This is likely to be brief as I don’t think I have the cognitive ability to do a 10-page discussion at the moment, but I don’t particularly like the “This [organ, system, organism] is badly designed, hence there is no designer (and if there was he was surely incompetant)” argument. While this can lead to some interesting discussion over the how certain organs or systems are put together and were evolved, focusing on the “good design, bad design” aspect isn’t very fruitful and will likely hurt those arguing for evolution in the end. Arguing that something was badly designed takes the question out of the scientific realm and into the philosophical/theological realm (Was there a designer? When was the structure designed/created? How was it done? What was the intention?), creationists ultimately saying that God could’ve done things anyway he wanted, or that when an engineer is designing something he has to take into account space requirements, end-use, output, input, etc. Hence, they argue that organs like the eye really are well designed because they function well for what they have to do given the amount of space they have to do it.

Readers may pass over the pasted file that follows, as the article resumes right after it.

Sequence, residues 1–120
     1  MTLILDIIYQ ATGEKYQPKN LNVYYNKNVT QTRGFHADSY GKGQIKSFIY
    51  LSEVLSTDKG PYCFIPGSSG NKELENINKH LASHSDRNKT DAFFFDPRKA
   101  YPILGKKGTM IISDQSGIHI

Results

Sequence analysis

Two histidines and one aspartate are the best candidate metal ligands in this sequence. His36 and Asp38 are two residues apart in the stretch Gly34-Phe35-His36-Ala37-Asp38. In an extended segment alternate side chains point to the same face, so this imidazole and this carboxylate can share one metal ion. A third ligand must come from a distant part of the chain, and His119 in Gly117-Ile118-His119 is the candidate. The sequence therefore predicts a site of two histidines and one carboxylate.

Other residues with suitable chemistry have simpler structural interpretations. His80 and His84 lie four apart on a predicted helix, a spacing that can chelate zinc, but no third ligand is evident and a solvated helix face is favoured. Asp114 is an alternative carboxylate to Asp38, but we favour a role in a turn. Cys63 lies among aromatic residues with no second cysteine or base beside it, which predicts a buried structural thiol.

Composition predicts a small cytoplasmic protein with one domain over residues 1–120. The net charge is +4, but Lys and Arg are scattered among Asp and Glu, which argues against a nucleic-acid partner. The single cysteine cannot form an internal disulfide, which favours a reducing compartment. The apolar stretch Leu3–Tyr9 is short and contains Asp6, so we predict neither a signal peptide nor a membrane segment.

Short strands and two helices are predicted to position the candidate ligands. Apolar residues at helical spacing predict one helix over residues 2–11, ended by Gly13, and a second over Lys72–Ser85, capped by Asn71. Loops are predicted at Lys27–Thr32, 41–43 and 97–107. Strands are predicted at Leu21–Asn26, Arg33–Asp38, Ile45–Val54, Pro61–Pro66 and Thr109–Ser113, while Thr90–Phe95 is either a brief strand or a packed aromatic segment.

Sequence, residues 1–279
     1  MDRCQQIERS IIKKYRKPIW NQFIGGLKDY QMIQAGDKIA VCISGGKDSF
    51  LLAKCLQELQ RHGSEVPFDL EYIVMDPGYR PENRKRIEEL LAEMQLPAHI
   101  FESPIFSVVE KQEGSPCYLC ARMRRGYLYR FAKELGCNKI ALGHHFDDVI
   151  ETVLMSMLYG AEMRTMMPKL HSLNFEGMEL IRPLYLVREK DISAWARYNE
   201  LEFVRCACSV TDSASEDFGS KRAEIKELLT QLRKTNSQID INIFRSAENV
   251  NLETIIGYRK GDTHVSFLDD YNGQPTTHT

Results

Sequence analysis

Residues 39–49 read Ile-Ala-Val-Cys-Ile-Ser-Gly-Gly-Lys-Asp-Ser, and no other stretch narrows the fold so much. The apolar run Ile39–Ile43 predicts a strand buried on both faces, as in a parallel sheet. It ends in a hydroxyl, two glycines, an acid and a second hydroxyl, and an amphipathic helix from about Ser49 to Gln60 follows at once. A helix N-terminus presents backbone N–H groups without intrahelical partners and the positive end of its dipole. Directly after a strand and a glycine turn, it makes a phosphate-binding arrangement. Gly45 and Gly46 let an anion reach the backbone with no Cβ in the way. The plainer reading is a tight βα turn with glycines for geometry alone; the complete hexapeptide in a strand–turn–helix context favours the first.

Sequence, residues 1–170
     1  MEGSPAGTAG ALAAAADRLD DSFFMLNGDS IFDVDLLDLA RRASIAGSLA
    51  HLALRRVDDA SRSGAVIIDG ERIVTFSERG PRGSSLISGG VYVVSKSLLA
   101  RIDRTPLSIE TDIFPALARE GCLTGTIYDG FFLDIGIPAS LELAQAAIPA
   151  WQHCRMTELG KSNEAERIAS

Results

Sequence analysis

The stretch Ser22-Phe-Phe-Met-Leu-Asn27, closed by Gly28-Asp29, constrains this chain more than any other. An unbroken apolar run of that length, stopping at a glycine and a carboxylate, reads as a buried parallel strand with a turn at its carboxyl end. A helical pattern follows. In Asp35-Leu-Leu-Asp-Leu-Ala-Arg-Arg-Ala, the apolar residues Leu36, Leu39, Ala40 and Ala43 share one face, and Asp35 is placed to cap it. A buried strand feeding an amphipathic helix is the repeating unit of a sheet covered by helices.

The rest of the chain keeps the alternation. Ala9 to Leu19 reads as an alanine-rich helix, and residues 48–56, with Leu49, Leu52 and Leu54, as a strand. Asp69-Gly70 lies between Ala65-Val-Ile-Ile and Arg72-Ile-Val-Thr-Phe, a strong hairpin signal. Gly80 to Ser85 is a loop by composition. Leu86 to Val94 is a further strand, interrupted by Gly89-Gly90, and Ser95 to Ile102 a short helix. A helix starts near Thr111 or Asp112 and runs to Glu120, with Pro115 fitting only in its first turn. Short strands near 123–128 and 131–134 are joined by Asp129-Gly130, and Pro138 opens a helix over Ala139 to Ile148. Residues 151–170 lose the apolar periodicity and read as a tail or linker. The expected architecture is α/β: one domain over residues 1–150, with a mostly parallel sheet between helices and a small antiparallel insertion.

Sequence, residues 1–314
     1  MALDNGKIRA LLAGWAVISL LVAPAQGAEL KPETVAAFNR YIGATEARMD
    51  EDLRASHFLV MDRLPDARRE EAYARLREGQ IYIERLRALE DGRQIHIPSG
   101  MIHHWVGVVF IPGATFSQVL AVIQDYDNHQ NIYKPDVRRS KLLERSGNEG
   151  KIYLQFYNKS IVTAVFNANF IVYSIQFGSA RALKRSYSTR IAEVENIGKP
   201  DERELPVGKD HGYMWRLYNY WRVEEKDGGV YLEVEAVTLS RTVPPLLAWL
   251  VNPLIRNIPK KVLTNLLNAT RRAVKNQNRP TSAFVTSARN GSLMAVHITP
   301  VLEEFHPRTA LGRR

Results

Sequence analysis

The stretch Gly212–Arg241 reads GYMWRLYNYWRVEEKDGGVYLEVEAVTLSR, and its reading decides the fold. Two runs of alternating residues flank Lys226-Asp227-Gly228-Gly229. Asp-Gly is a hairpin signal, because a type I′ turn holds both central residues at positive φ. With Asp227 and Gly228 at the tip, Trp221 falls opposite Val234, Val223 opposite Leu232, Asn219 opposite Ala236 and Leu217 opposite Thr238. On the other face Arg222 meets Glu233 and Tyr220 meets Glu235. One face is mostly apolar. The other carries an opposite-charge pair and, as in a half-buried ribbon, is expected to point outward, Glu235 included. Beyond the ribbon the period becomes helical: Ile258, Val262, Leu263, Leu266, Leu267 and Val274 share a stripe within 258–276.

I’m all for discussing how organs, systems, organisms, populations, etc. work and have evolved, but arguing whether something is badly designed or not, to me, seems to open the door a crack for the creationists to jam their foot in. There’s nothing scientific about arguing bad design, and while some may view it as a good rhetorical tactic, it doesn’t seem to be especially effective or convincing, and may even have the potential to backfire. If we’re going to contemplate a designer and their intention, we need a lot more information unavailable through nature (and possibly unavailable at all), so the argument for and against “good design” is fruitless, the only real benefit I’ve gotten from reading such arguments being how the eye works, how it evolved, etc. Arguing for “bad design” is almost giving creationists an allowance as it’s stepping outside of science into more abstract (and probably unknowable) realms of thought where absolute truth is more like a bluff than something tangible, hence I believe scientists would do well to abandon the argument for bad design.
Thinking about this a little further, when the “bad design” argument is used, is it really about evolution or is it about the existence of a designer? It seems to me that often it’s not so much about evolution being a reality as the non-existence of a designer. In this respect it’s difficult to separate arguments for atheism from arguments for evolution, and if we are to contemplate “bad design” it should be in terms of how evolution has shaped organisms and extinction rather than the plausibility of a designer, however incompetant.